3. Confused

    Congratulations to Governor McAuliffe for winning the Political Tin Ear Award. At what point did he think it was a good idea to pick a fight IN NORTHERN VA about tolls 3 weeks before an election where he’s trying to 1) HOLD a seat being vacated by a retiring Democrat and 2) GAIN a seat held by an uber-conservative BOTH IN NORTHERN VA???

    The Republicans were on their heels and didn’t have a message they could rally around until McAuliffe gave them one. Someone on his political staff should be fired.

  4. Kelly_3406

    Transportation in NoVa is an outright mess right now. I rode the Metro for an entire week a couple of months ago–it was awful–trains late, unscheduled stops requiring all passengers to depart, single tracking, etc. Never again.

    So that leaves I-66. My hybrid-car license plate allows me to drive solo on I-66 presently, but HOV-3 will eliminate I-66 as an option. It will be very difficult to get three commuters needed to drive legally without the toll. This will mean $17 tolls for the pleasure of being able to commute to work.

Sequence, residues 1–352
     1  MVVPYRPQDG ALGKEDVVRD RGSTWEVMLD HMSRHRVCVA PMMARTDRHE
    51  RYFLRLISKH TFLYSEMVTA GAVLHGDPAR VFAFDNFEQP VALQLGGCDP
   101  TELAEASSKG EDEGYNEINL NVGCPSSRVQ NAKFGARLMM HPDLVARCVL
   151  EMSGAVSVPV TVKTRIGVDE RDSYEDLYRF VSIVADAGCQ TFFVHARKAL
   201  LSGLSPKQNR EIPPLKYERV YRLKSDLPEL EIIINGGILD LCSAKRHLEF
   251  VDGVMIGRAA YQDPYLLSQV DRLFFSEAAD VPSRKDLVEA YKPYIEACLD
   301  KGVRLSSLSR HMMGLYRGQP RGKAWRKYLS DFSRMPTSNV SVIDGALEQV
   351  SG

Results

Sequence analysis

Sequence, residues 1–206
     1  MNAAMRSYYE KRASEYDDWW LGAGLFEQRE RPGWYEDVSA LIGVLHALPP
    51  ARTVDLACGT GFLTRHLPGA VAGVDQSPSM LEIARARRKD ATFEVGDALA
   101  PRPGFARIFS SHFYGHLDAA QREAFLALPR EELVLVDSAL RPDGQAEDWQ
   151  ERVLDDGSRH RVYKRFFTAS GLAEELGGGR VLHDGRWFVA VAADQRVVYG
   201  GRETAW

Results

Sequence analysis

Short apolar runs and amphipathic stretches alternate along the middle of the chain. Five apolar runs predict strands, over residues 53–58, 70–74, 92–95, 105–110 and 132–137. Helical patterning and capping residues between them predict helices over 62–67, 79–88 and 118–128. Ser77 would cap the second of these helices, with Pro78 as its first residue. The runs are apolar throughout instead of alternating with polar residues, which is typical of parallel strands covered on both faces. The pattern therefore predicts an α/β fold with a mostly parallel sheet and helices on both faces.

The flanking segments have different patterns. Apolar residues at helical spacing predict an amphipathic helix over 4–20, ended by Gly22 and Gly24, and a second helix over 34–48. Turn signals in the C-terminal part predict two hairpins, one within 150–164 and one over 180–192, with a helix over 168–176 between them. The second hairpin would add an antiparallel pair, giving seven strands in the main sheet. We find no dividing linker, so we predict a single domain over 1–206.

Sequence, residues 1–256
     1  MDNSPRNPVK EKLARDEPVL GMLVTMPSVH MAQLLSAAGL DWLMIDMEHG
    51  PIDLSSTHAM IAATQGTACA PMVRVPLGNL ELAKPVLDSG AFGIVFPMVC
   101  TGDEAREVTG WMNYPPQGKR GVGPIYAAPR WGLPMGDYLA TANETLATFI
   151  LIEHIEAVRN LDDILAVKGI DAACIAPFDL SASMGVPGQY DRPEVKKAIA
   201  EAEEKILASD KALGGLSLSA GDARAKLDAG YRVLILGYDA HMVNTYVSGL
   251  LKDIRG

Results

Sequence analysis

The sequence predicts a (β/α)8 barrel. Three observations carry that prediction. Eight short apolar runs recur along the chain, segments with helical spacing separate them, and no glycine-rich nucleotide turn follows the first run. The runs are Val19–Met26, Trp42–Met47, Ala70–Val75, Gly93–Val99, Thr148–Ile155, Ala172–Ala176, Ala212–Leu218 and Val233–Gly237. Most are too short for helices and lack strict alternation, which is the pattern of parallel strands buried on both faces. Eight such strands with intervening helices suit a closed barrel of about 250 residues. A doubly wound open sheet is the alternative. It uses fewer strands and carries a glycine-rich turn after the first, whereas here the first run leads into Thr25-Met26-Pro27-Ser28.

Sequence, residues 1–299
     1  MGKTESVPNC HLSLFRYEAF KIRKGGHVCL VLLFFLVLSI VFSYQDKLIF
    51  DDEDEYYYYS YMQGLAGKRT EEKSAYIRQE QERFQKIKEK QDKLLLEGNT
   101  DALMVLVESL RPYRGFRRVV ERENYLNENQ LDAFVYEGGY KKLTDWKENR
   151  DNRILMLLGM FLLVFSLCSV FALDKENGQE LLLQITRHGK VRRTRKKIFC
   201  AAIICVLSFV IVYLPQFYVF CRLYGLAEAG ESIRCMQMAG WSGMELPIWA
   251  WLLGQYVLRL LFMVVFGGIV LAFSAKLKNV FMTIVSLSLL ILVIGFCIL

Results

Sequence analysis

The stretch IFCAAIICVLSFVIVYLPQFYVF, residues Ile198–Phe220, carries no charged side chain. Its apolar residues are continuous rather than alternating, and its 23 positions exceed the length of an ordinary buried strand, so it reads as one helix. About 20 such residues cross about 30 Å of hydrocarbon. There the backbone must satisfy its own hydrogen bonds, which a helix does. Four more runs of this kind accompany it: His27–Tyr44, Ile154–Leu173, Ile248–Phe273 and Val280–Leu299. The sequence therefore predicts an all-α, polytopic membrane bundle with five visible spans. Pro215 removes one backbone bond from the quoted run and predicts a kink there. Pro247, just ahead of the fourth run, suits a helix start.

It’s unclear why McAuliff thinks there is such a distinction between the Republican narrative and what he is actually planning. Both tolls and HOV are hostile to commuters. Both are very costly in terms of time or money. In reality, it is a distinction without a difference and proves that he is clueless about the trials and tribulations of working in Northern Virginia.

    1. He shouldn’t be clueless. He lived here long enough.

      I am confused at this point what is really being proposed. I suppose we will find out after the election.

  5. Frequency

    Sure do wish someone would just talk straight to the voters. What are our options, what do they cost and what solutions are available?

    1. I wish they would also. I hate important issues being used as political fodder.